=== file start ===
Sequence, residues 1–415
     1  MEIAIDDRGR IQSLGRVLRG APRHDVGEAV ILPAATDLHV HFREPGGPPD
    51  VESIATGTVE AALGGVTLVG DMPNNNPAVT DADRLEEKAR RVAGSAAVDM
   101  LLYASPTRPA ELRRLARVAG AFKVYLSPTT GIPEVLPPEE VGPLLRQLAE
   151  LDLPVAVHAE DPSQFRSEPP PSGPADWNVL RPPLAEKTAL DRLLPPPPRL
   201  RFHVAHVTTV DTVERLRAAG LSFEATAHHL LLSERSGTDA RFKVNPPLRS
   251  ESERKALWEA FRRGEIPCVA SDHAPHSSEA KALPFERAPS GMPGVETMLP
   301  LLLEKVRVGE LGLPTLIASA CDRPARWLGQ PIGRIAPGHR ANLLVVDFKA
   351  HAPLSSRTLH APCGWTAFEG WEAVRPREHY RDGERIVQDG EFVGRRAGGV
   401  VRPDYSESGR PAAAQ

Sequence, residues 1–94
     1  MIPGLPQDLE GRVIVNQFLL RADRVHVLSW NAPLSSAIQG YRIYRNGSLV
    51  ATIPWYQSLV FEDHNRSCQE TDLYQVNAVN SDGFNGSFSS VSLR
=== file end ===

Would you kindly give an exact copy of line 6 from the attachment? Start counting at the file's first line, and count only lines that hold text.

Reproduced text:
   201  RFHVAHVTTV DTVERLRAAG LSFEATAHHL LLSERSGTDA RFKVNPPLRS